Denver Fire Department unveils $150K HAZMAT training tool

The gray behemoth rested atop a bright red semi trailer, four different types of valves protruding from the top, as Denver firefighters and city officials stood nearby, looking proudly at the department’s most recent high-dollar purchase.

Think of it almost as a railroad car, said Mike Pylar, captain of the Denver Fire Department’s hazardous materials team. The difference is, this one can be moved by semi and is used to mimic virtually any setup a rail car carrying potentially deadly chemicals might have.

Pylar and others reviewed the department’s $150,000 training tool Friday at the city’s fire station at 9150 E. 50th Ave. — a purchase that’s the culmination of a years-long conversation about how to be prepared for an accident — or worse — on Denver’s rails.

Trains move deadly chemicals like chlorine and ammonia through Denver’s residential and pedestrian-heavy neighborhoods daily, Pylar said. While crews already train to handle and mitigate accidents or potential attacks on those rail cars, they haven’t been able to train on anything so realistic. At least not locally, he said.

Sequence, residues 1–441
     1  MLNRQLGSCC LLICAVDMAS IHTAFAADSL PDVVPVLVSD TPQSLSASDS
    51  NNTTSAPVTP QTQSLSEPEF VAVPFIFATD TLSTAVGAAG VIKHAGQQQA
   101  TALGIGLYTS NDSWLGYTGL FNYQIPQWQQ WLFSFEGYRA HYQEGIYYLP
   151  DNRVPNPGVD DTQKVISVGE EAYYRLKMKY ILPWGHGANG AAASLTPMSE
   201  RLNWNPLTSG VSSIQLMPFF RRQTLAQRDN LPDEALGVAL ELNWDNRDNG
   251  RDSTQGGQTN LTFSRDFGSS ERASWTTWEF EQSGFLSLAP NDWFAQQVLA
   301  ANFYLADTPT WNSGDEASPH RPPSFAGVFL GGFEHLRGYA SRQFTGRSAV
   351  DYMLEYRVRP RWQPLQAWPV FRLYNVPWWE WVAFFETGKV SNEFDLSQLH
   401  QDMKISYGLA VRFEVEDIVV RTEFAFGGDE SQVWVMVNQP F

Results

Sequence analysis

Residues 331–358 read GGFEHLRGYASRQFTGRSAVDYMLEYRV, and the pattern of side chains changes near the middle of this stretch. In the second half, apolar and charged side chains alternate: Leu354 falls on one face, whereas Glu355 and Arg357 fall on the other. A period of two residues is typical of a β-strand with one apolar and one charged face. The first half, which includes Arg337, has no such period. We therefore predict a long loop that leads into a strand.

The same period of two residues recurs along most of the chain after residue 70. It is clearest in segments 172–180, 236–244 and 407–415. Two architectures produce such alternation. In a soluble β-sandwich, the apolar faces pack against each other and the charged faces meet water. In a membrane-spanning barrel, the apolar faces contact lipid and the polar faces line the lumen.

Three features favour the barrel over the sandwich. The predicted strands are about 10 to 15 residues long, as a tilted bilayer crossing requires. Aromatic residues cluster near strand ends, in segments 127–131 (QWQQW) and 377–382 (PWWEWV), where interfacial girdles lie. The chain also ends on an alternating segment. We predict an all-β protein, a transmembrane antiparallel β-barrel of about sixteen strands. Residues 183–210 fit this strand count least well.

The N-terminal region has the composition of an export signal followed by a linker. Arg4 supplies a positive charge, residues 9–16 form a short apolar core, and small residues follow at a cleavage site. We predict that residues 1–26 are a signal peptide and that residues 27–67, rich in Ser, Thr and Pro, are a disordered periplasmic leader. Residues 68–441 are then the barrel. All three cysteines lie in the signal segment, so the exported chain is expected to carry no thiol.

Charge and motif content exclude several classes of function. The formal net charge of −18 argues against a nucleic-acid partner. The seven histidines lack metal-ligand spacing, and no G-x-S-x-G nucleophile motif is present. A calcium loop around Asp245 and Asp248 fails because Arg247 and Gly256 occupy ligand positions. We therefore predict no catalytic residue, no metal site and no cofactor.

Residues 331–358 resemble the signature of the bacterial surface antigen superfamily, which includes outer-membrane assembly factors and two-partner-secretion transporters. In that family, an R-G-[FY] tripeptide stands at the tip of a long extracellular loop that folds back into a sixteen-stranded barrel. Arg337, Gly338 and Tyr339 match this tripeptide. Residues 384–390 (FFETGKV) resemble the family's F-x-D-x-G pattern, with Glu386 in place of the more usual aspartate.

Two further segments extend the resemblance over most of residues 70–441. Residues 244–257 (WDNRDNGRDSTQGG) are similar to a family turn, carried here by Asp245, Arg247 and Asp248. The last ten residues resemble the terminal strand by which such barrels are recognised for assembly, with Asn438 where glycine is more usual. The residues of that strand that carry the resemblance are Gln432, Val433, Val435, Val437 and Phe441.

“We can take this anywhere and everywhere,” Pylar said.

At-large City Councilwoman Debbie Ortega was among those who began raising concerns years ago about the risks of rail cars passing through Denver’s neighborhoods.

The biggest concern is human error, Pylar said, although cities must also be prepared for the possibility of terrorist attacks. A chlorine spill, or an attack on a car carrying ammonia, would be deadly, he said.

Through a grant from the Urban Area Security Initiative, the city was able to buy the “rail car trainer,” which Ortega, Pylar and others received with open arms Friday.

The trainer is already in use for training exercises, Pylar said. Other fire districts can borrow the rail car and train their crews, he said. This is important because any extreme hazardous material spill in the area will almost certainly require a regional response rather than a local one.

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